Director of National Intelligence Dan Coats likely knows the names of Chinese spies posing as students at American universities, which US grids Iranian hackers gained access to, and even what you just texted your cousin.

What he doesn’t know is what Trump said to Putin during their meeting. That’s right: The person charged with knowing many of the world’s secrets doesn’t know what his boss said in a high-stakes meeting.

That was just one of many shocking, and uncharacteristically candid, revelations Coats offered a crowd at the Aspen Security Forum on Thursday.

It gets worse. Coats also said he had no idea Trump had planned to meet with Russian Foreign Minister Sergei Lavrov and then-Ambassador Sergey Kislyak at the White House in May 2017 — and he also had no clue that Trump had invited Putin to a second meeting in Washington.

When NBC’s Andrea Mitchell broke that news to Coats during their interview, he was clearly caught off guard. “Say that again?” he said, laughing nervously as the audience joined him. “Okay. That’s going to be special.”

The White House, naturally, is unhappy. “Coats appeared to be laughing at the president, playing to his audience of the intellectual elite in a manner that was sure to infuriate Trump,” an administration official told the Washington Post.

What this petty squabble shows is two amazing breakdowns in the way this White House runs. First, the president’s top officials don’t know what Trump may or may not have agreed to with Putin. And second, at least one top Trump official doesn’t seem to care who knows about it.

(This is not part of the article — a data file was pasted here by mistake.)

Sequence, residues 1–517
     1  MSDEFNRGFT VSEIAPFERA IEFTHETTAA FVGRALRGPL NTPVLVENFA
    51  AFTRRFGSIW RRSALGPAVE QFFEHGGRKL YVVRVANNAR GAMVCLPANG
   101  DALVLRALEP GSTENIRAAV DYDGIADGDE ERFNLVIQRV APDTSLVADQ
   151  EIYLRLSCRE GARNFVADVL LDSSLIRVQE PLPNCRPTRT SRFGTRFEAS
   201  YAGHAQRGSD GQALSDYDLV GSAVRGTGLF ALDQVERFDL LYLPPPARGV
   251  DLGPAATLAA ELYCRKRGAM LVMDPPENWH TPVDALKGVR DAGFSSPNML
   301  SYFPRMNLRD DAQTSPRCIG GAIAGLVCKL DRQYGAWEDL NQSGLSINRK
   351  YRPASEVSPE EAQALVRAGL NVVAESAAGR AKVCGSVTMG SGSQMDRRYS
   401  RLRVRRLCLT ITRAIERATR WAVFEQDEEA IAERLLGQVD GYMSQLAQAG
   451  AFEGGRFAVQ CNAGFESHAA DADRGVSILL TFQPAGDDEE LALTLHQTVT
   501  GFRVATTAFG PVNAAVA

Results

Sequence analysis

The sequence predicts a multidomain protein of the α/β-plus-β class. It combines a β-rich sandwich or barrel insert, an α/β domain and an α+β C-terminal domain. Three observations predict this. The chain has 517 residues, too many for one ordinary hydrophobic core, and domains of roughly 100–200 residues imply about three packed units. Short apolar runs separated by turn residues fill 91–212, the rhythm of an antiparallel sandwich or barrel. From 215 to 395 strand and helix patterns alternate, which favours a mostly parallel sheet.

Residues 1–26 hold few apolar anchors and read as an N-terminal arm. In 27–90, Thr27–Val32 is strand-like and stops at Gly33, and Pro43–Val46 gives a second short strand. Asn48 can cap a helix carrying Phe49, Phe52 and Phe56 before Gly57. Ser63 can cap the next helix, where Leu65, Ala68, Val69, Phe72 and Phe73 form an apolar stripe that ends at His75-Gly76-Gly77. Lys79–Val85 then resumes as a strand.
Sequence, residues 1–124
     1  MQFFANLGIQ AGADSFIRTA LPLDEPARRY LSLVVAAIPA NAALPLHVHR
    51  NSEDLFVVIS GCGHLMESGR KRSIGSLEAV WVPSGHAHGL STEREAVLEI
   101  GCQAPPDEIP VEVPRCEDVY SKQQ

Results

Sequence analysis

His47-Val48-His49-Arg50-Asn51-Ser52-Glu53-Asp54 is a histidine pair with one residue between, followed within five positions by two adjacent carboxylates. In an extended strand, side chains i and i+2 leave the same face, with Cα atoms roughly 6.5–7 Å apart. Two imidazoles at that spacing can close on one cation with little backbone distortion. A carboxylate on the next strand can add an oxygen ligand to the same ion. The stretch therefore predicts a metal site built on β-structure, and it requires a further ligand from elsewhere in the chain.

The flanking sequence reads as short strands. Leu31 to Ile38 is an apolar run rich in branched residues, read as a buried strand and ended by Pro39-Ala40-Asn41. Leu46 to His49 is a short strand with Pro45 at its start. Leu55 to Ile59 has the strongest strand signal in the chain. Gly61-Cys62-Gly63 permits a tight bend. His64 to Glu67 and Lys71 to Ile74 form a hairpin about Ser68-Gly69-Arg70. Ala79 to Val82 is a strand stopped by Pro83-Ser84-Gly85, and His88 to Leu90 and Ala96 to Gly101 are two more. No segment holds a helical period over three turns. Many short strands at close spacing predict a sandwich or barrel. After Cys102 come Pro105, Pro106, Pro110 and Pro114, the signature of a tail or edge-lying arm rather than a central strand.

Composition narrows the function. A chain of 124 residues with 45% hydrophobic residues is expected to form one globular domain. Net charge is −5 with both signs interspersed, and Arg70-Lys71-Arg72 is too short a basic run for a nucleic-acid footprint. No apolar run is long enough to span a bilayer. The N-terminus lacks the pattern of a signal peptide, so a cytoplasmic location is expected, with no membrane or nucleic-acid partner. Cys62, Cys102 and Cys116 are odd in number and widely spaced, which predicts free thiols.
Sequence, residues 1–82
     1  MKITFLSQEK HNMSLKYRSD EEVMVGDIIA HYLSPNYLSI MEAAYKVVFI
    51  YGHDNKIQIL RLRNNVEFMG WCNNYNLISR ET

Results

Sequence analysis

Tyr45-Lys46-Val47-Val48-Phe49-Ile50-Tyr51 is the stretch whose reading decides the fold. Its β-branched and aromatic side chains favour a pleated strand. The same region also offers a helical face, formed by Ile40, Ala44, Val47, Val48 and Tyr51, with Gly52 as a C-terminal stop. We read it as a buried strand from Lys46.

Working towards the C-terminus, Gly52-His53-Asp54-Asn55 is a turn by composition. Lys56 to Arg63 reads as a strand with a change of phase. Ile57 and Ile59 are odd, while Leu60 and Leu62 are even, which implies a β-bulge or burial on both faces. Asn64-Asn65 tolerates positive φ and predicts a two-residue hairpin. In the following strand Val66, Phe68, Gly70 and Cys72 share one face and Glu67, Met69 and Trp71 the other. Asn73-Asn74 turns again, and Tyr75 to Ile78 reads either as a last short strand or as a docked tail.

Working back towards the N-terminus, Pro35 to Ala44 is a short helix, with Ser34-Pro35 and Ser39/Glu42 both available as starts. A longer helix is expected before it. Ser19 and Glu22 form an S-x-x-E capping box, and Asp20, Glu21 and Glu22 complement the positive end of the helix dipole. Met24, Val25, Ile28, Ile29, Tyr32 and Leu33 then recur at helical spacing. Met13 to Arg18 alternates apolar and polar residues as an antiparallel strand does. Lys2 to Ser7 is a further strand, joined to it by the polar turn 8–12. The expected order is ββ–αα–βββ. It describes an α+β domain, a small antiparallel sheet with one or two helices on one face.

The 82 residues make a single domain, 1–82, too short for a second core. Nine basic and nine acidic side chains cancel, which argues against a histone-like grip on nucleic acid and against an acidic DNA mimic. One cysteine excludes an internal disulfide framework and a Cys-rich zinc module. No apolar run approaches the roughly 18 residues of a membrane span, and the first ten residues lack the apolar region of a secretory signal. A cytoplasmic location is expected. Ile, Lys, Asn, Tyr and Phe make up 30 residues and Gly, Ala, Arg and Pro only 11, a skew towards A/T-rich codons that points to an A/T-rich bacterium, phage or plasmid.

This is not normal. But then again, we shouldn’t be surprised.

The surprising thing about Trump’s Helsinki meeting? That we were all surprised.

Here’s a question I wrestle with: Trump is not a normal president, so why do we keep expecting him to act normally?

I asked myself this again during the reaction to Trump’s press conference with Putin. The political community was shockedSHOCKED! — that he would side with Putin over American intelligence officials, brag about his election win, and repudiate special counsel Robert Mueller’s probe in front of the entire world instead of, well, acting presidential and defending US interests.

But why did we expect anything else? Trump has frequently upended our expectations about how an American president should act while abroad — just like he has upended many other norms of the presidency.

And it’s not just with Putin. Trump has also:

  • Called North Korean leader Kim Jong Un — a brutal dictator who starves and imprisons millions of people — “very honorable” in the lead-up to their June summit.
  • Snubbed German Chancellor Angela Merkel by not shaking her hand during their March 2017 Oval Office meeting.
  • Pushed the leader of Montenegro, a NATO ally, out of the way for a group photo.
  • Refused to affirm NATO’s Article 5, which says an attack on one is an attack on all, during a May 2017 visit to alliance’s headquarters. (He later did affirm Article 5 weeks later, and the White House tells me America’s commitment to NATO is “ironclad.”)

I could go on, but you get the idea. The Putin meeting was arguably worse than any of the above examples, but the point remains the same: Trump is a disaster when he represents America around the world. That he was a disaster again in Helsinki should have come as no surprise to anyone.

Source link

Share with your friends!

Leave a Reply

Your email address will not be published. Required fields are marked *